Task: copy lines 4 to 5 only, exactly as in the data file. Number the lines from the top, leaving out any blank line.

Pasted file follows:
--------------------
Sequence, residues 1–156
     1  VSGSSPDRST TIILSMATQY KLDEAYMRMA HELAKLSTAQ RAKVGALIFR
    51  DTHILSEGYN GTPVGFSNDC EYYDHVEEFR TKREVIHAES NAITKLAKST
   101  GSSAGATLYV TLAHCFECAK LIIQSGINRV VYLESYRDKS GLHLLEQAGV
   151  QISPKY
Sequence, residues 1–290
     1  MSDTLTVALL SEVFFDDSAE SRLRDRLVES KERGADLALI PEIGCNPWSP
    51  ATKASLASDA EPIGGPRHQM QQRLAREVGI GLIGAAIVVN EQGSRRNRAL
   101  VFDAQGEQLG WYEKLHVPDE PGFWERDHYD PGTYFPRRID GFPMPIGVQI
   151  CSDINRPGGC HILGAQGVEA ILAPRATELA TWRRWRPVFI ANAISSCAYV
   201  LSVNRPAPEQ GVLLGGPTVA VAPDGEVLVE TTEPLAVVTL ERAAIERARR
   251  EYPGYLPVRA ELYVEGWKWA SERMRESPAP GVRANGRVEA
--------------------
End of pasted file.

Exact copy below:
   101  GSSAGATLYV TLAHCFECAK LIIQSGINRV VYLESYRDKS GLHLLEQAGV
   151  QISPKY